Agency
National Institute of Health (NIH)
Institute
Eunice Kennedy Shriver National Institute of Child Health & Human Development (NICHD)
Type
First Independent Research Support & Transition (FIRST) Awards (R29)
Project #
5R29HD033004-05
Application #
6181701
Study Section
Reproductive Endocrinology Study Section (REN)
Program Officer
Taymans, Susan
Project Start
1999-07-15
Project End
2002-06-30
Budget Start
2000-07-01
Budget End
2001-06-30
Support Year
5
Fiscal Year
2000
Total Cost
$105,120
Indirect Cost
Name
Medical College of Georgia (MCG)
Department
Obstetrics & Gynecology
Type
Schools of Medicine
DUNS #
City
Augusta
State
GA
Country
United States
Zip Code
30912
Kim, Yeon-Joo; Osborn, Daniel Ps; Lee, Ji-Young et al. (2018) WDR11-mediated Hedgehog signalling defects underlie a new ciliopathy related to Kallmann syndrome. EMBO Rep 19:269-289
Demir Eksi, Durkadin; Shen, Yiping; Erman, Munire et al. (2018) Copy number variation and regions of homozygosity analysis in patients with M√úLLERIAN aplasia. Mol Cytogenet 11:13
Williams, Lacey S; Demir Eksi, Durkadin; Shen, Yiping et al. (2017) Genetic analysis of Mayer-Rokitansky-Kuster-Hauser syndrome in a large cohort of families. Fertil Steril 108:145-151.e2
Williams, Lacey S; Kim, Hyung-Goo; Kalscheuer, Vera M et al. (2016) A balanced chromosomal translocation involving chromosomes 3 and 16 in a patient with Mayer-Rokitansky-Kuster-Hauser syndrome reveals new candidate genes at 3p22.3 and 16p13.3. Mol Cytogenet 9:57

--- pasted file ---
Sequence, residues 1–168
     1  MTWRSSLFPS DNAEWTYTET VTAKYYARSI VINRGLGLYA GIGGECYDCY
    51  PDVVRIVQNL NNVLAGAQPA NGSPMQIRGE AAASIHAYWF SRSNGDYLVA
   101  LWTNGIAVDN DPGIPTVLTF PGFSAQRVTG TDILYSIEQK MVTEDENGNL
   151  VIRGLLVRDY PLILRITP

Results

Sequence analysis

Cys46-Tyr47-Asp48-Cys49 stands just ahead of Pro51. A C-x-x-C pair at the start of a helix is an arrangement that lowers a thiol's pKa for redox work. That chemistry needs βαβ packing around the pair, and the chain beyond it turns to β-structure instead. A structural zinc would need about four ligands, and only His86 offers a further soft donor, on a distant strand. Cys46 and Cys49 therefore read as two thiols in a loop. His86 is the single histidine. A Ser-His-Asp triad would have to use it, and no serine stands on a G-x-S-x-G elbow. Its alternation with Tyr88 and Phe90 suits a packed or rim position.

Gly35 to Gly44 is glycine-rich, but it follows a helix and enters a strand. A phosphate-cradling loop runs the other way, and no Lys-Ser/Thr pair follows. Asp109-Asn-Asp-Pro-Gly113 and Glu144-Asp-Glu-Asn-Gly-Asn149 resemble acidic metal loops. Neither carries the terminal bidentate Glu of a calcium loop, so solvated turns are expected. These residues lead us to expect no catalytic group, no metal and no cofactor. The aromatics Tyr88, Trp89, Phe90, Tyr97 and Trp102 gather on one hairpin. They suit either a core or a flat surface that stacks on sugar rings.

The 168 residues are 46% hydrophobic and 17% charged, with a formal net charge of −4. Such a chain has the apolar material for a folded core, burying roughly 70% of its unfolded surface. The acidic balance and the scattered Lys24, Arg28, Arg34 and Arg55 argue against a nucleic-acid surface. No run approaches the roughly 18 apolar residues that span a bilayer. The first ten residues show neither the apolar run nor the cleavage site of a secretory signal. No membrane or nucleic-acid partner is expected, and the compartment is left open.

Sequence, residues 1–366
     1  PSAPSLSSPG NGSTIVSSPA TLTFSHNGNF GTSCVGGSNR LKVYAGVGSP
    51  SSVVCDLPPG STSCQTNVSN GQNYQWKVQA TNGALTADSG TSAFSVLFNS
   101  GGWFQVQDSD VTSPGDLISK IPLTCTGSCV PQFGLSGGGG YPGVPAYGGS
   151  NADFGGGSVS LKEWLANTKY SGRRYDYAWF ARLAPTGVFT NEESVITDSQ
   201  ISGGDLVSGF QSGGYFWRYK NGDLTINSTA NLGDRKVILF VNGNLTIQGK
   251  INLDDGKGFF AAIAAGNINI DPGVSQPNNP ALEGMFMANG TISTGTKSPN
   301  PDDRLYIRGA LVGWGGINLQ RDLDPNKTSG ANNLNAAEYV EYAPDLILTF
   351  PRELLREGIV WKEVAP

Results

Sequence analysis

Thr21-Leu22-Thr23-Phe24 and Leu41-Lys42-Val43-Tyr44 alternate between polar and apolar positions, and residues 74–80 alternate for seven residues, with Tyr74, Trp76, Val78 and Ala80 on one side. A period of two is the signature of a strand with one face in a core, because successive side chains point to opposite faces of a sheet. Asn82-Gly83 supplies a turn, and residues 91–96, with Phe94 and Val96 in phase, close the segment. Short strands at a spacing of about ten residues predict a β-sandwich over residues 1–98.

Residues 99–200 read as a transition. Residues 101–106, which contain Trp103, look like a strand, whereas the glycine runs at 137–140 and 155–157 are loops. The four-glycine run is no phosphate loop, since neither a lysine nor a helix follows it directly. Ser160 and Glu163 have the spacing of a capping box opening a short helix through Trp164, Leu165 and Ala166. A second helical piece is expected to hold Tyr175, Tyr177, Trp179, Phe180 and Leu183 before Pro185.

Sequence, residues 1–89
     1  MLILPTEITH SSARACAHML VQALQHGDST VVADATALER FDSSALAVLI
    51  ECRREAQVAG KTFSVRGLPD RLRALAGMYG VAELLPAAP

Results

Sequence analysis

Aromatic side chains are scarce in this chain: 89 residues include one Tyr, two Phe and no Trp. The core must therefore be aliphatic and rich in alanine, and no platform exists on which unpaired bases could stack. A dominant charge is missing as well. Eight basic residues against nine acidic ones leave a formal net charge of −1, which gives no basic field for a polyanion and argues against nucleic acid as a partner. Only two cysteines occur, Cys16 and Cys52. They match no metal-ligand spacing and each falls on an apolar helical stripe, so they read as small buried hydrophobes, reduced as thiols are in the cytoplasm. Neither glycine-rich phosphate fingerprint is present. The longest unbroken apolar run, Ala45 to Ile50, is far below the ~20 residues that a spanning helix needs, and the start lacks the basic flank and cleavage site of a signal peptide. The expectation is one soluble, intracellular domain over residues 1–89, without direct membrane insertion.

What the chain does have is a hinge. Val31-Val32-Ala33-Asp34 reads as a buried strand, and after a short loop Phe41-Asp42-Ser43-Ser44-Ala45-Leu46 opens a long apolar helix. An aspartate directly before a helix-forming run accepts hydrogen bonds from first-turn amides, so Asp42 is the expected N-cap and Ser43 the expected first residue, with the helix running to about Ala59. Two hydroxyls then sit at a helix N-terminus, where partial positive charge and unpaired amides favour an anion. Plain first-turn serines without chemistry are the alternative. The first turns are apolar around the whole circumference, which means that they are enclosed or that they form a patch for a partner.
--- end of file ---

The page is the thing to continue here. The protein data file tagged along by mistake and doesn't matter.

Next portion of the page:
Choi, Jin-Ho; Balasubramanian, Ravikumar; Lee, Phil H et al. (2015) Expanding the Spectrum of Founder Mutations Causing Isolated Gonadotropin-Releasing Hormone Deficiency. J Clin Endocrinol Metab 100:E1378-85
Quaynor, Samuel D; Goldberg, Lindsey Y; Ko, Eun Kyung et al. (2014) Differential expression of nasal embryonic LHRH factor (NELF) variants in immortalized GnRH neuronal cell lines. Mol Cell Endocrinol 383:32-7
Newbern, Kayce; Natrajan, Nithya; Kim, Hyung-Goo et al. (2013) Identification of HESX1 mutations in Kallmann syndrome. Fertil Steril 99:1831-7
Layman, Lawrence C (2013) Clinical genetic testing for Kallmann syndrome. J Clin Endocrinol Metab 98:1860-2
Layman, Lawrence C (2013) The genetic basis of female reproductive disorders: etiology and clinical testing. Mol Cell Endocrinol 370:138-48
Siegel, Eric T; Kim, Hyung-Goo; Nishimoto, Hiromi Koso et al. (2013) The molecular basis of impaired follicle-stimulating hormone action: evidence from human mutations and mouse models. Reprod Sci 20:211-33